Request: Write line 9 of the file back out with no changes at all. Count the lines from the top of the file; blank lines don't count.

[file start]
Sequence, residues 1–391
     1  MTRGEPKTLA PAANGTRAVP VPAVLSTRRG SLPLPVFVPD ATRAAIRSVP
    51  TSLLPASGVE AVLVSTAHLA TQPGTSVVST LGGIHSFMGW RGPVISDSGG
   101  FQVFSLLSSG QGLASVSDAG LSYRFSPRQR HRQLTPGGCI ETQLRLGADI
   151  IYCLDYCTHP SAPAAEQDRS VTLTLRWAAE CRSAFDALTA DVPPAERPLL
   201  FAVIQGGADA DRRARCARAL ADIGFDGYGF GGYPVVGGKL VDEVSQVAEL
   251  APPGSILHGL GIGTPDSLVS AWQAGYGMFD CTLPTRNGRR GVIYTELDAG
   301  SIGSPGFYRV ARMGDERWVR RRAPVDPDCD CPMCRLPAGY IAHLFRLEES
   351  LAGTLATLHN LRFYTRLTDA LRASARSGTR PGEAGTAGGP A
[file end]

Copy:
   351  LAGTLATLHN LRFYTRLTDA LRASARSGTR PGEAGTAGGP A